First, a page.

• User-rate limit exceeded – The user has exceeded their hourly or daily upload or download limits.
  • User-rate limit exceeded (Mail sending) – The user has exceeded their daily mail sending limitations.
  • Too many concurrent requests for user – There are too many requests being made on behalf of the user at once. This includes requests from all apps and services, not just your own. 

For the first two scenarios, the general recommendation is to use an exponential backoff process to retry the requests. Alternatively, sometimes the API will return a time to retry value that indicates a specific time in the future when you can retry the request.  

The third scenario might not be something that’s under your control. You could see better results by limiting the number of API requests your app makes at once. Still, if the user has many apps and services that integrate with their email account, you’ll need to initiate a retry process to find times that traffic for the user account is low. 

These scenarios can sometimes be resolved via request batching: grouping multiple requests together into a single request to reduce the total number of API interactions. However, batching isn’t always an option for every use case, so it’s something that developers need to take a closer look at to understand if it fits their needs.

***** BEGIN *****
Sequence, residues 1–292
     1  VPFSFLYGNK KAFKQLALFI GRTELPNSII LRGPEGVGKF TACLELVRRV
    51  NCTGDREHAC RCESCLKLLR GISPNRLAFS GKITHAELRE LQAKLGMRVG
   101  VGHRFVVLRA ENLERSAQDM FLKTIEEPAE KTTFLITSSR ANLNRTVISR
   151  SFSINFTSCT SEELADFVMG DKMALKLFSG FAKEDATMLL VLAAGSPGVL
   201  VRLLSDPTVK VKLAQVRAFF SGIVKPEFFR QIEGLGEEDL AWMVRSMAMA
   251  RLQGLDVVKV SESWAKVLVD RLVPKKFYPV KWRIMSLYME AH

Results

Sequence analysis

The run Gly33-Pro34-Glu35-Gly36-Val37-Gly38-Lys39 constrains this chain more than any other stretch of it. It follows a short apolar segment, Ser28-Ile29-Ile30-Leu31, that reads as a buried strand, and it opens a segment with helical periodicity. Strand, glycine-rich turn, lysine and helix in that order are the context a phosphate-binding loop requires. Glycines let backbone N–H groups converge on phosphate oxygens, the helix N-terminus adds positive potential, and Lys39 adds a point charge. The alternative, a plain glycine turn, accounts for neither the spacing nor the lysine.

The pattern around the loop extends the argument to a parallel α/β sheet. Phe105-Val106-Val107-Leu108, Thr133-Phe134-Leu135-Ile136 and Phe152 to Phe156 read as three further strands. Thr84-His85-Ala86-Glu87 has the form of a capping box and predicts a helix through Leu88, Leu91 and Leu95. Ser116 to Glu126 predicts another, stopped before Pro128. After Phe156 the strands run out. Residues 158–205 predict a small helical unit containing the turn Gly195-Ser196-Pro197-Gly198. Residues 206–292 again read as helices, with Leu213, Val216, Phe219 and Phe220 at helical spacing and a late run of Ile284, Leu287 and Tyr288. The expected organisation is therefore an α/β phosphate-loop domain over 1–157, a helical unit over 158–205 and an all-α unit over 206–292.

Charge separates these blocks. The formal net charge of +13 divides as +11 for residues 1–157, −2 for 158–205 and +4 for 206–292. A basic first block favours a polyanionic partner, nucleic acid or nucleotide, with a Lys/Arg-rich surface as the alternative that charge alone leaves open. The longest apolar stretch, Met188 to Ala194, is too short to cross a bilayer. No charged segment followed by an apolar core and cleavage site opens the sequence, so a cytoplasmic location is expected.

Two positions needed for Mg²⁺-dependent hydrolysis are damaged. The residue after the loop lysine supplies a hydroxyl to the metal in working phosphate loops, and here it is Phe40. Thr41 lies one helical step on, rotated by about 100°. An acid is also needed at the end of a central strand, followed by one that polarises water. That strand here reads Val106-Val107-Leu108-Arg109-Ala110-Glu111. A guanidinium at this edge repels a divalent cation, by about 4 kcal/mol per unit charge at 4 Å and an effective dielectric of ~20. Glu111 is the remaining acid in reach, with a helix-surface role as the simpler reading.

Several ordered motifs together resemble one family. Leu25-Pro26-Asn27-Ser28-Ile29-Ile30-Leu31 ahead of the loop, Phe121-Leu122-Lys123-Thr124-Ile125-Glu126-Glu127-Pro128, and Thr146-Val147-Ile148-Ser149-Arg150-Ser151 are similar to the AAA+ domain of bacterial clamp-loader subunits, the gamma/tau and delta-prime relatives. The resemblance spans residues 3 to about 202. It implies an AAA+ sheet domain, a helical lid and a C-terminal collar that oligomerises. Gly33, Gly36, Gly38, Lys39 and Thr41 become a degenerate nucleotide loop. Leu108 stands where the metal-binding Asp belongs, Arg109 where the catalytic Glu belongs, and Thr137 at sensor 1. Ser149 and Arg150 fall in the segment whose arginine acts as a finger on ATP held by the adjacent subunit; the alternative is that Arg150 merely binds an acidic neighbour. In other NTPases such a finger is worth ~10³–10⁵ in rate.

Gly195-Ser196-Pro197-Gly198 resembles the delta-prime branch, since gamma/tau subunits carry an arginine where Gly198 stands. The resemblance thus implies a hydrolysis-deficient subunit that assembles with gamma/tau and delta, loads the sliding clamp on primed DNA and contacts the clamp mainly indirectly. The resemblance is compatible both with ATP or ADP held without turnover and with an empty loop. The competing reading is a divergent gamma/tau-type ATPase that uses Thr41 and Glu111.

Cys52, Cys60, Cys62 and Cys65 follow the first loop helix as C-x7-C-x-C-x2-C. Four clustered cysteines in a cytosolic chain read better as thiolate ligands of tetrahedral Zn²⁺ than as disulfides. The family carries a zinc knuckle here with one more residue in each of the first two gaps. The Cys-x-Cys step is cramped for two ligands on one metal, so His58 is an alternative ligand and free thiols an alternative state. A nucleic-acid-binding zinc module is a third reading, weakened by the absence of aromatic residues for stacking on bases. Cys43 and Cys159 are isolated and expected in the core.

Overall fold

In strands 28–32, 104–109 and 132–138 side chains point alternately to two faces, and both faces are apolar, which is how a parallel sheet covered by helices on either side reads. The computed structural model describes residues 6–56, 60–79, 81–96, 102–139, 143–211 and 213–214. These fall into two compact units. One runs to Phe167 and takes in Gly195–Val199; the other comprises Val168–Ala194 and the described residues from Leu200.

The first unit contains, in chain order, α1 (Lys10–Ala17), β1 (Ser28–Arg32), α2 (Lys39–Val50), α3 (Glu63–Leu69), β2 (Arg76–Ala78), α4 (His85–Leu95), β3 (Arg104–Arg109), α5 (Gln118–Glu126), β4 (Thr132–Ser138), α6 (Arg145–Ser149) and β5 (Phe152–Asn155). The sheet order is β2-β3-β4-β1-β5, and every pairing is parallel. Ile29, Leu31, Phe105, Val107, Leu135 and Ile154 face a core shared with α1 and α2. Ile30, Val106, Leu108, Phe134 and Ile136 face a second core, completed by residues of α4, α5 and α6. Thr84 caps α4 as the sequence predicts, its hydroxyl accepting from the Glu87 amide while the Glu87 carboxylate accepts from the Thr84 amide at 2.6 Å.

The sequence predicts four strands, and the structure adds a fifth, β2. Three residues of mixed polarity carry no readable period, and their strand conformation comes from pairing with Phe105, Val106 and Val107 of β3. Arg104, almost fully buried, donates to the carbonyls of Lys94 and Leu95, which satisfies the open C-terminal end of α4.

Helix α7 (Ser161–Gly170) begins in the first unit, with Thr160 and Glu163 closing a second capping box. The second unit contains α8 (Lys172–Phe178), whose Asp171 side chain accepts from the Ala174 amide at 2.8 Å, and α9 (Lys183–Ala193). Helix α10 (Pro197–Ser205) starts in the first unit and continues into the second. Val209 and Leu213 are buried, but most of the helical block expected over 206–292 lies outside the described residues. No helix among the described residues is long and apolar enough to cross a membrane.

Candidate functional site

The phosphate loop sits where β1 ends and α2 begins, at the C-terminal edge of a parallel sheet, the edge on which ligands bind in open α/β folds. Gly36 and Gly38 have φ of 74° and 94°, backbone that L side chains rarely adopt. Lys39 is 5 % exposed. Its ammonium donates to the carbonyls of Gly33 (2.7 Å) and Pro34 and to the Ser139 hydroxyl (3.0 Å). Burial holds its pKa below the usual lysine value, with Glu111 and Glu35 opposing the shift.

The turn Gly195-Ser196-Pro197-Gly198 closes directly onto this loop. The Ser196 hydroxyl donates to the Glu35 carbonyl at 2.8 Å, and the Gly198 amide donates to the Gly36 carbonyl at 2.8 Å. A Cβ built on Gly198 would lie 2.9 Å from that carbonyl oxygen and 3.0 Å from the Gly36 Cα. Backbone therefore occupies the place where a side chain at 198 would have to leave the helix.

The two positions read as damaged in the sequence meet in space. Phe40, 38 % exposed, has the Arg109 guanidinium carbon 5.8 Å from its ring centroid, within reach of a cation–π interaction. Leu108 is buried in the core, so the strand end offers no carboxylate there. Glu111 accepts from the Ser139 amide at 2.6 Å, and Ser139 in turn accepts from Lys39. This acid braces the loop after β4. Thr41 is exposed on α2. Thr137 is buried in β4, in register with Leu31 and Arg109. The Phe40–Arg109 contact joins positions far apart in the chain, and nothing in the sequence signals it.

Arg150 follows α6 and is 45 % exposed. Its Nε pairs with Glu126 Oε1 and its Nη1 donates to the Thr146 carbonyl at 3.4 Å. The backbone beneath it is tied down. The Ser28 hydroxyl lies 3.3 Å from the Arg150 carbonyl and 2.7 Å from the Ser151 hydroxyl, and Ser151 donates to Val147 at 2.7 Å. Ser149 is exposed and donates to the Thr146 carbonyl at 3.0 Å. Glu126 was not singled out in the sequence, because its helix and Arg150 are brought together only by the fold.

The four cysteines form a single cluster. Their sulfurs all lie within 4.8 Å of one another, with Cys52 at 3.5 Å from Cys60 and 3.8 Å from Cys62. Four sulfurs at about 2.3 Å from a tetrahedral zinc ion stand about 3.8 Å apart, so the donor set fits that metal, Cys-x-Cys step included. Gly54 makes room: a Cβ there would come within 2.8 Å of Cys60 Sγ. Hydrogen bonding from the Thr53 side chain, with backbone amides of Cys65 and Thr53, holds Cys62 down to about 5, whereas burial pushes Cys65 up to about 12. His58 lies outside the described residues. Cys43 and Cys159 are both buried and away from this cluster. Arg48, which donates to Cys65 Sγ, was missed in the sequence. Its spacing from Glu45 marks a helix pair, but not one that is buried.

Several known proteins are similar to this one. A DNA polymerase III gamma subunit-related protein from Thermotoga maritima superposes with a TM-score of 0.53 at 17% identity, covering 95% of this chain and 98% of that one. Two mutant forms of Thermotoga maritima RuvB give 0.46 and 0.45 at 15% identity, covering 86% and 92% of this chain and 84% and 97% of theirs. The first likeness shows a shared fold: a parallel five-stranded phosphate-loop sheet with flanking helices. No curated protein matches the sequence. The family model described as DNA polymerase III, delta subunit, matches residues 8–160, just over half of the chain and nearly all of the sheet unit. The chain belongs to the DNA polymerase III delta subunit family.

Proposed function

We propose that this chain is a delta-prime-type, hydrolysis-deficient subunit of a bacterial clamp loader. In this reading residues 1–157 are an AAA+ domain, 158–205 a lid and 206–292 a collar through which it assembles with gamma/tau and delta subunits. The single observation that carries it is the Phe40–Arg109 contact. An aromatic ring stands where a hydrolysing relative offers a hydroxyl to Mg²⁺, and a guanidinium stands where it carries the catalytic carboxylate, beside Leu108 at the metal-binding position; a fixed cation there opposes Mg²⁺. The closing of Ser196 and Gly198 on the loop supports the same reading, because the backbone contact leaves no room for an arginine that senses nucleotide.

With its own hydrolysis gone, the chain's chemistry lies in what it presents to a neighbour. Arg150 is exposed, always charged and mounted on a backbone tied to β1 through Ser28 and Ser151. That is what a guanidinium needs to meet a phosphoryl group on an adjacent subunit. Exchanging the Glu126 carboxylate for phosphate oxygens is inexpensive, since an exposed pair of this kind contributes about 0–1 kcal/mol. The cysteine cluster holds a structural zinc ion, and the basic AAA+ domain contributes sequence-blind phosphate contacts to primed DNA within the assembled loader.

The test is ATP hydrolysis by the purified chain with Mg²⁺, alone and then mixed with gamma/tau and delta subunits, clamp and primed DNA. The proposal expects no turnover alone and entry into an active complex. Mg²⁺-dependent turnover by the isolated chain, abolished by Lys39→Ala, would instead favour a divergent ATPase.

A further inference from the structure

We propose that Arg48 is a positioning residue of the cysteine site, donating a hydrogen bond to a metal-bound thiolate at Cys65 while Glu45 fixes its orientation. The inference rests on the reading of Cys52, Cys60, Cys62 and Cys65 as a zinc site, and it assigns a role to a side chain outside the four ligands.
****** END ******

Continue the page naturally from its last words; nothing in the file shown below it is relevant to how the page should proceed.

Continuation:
One crucial thing to keep in mind is that the Gmail API doesn’t immediately start reporting 429 errors when a user hits their bandwidth or email sending limits; API requests to send an email that return a successful 200 status code during this time might not actually get sent. This delay can take several minutes, so you will need custom logic to ensure that the emails you intended to send got sent.

Microsoft has similar rate limits for their email APIs for Exchange, Outlook, and Office 365; their general advice matches Gmail’s. With that said, self-hosted versions of Exchange have several configuration possibilities for rate limiting, meaning that rate limiting for Microsoft email accounts can vary at the individual level. You’re likely to encounter this problem if you need to support Microsoft email accounts.

HTTP 5XX Server Errors

Email APIs can return a handful of HTTP 5XX errors to indicate when their API service has encountered an internal issue; this group of errors includes 502 Bad Gateway, 503 Service Unavailable, and 504 Gateway Timeout. In general, most APIs consider it acceptable to retry requests that result in one of these errors. The recommendation is to make any subsequent retries in an exponential backoff pattern.